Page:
Another darling of our community, CelloGirl has stress when it comes to her pinky joint. A portion of her comment reads,

“…Sore pinky joint. This one I struggle with quite a bit. I know that I seem to tense up my pinky finger so that it is almost straight. I’ve made a lot of adjustments to relax it – this works ok in scales, but when I start going through passages, my pinky finger will tend to straighten out and stiffen up my hand. Any suggestions?”

Now I am a bit of a rogue when it comes to this, and my approach is a sort of hybrid of what Ron Leonard taught me fused with the end result of watching a hell of a lot of footage of powerful, relaxed players. If you use the Emily Wright bow grip (and not all of my students do: if their grip works, I leave it alone), then the pinky is pretty much inert. When I am at the frog, it may rest on the stick, but the further out I go, the less presence my fingers have, particularly the pinky, on the bow. Often times we do crazy, strenuous things with our pinkies as we move away from the frog. It makes sense: the hand’s pressure is most directly telegraphed to the playing surface when the hand is right on top of the string. So as we draw a down bow, and the source of weight moves away from the point of contact, if nothing changes, the sound fades al niente. Some people try to prevent this by increasing the tension of the bow grip or maybe pushing down on the button with the tip of the pinky. What I suggest is in line with my general philosophy: Cello is hard enough! Let the large muscle groups do the hard work. Instead of giving the puny hand so much responsibility, use the weight, force, and torque generated by rotating onto the index finger to maintain or increase the level of pressure on the string. The further out in the bow you go, the more rotated onto that finger you are.

Here’s an exercise that demonstrates the general concept.

Sit at the cello with your bow on the D string, near the tip. Have a friend or teacher try to lift the bow from the string by looping a finger around the stick and pulling up. Fight them on this. You’ll immediately rotate onto the index finger to increase strength at that remote point of contact. And as you do that, your pinky will, if not come completely off the stick, make a significant gesture in that direction.

…and a pinky without a job is a relaxed pinky.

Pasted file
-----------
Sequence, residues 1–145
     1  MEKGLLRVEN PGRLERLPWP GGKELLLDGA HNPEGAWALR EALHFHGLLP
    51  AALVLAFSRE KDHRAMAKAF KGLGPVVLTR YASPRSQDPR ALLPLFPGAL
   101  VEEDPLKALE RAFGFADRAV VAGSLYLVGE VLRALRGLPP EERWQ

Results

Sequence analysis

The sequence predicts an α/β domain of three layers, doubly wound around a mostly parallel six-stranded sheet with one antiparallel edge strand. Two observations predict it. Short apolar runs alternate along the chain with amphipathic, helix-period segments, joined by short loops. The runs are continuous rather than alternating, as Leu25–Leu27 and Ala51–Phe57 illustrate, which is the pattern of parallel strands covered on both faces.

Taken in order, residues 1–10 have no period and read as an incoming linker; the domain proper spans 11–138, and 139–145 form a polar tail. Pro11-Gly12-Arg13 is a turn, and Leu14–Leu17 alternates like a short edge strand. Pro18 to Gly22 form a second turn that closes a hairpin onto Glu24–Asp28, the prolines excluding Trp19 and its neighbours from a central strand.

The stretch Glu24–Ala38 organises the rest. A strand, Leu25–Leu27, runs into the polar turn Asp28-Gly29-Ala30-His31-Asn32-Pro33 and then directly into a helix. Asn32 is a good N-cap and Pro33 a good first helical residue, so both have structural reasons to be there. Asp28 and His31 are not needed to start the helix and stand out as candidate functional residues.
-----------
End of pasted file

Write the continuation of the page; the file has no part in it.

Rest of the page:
Another, slightly silly remedy for this is rubber banding the pinky and ring fingers together. At the very least it will raise awareness, at at best you can begin work to decrease the amount of work you’re asking that poor little guy to do.

One last note: during the course of working to change a habit that causes pain, make sure you’re taking good care of the finger/joint/whathaveyou in the meantime. Ice, heat, maybe some ibuprofen or arnica, and general gentle treatment so that you can reap the rewards of your more efficient, relaxed technique.

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4 Responses

  1. I like the rubber band idea…

    I find my pinky problems only show up when:

    1. My bow hold suddenly starts moving up the bow (which kind of just throws everything off balance…would work great on a baroque bow though..)
    2. I’m not thinking of my fingers as a unit

    I love your philosophy of letting the large muscle groups do the work…

    Also, for both of these bowing issues (well just bowing in general), I’ve found that thinking of the motion as coming from the elbow, and thinking of the elbow as a hinge makes everything flow much easier… your mileage may vary, but it works for me.

  2. I went home last night and re-evaluated my pinky finger. Ok, not everyone’s idea of a fun night in, but I was excited to play around with my hand position a bit. I was able to relieve the pinky pressure but thumb soreness started to crop up. So..I think there is a balance there that I’m haven’t hit yet. I think I will try the rubber band idea. It may help me think of my fingers as a unit.

  3. I just started having right hand pinky-joint pain, and I really like the rubber band idea! I have just started working to eliminate stiffness in the fingers of my bow hand, and I started feeling something. However, I have the same problem as CelloGirl: I can reduce pinky tension by pronating my wrist, but this puts an unreasonable amount of pressure on my thumb, which starts to hurt at the point where it contacts the frog.

    1. The key is also the way you use your index finger, and really the posture of the entire arm through the trapezius muscles in your back. The string has to bear the weight of the bow, with the index finger and thumb as a very gentle counterbalance- not holding the bow, but merely preventing it from falling to the floor through the natural course of gravity.

      I totally get how this can seem like an urban legend or impossible! If you’d like to talk more about it some time, we could try a video consult or even a response video blog-thing.

      Thanks for checking out the site! Happy cello-ing.


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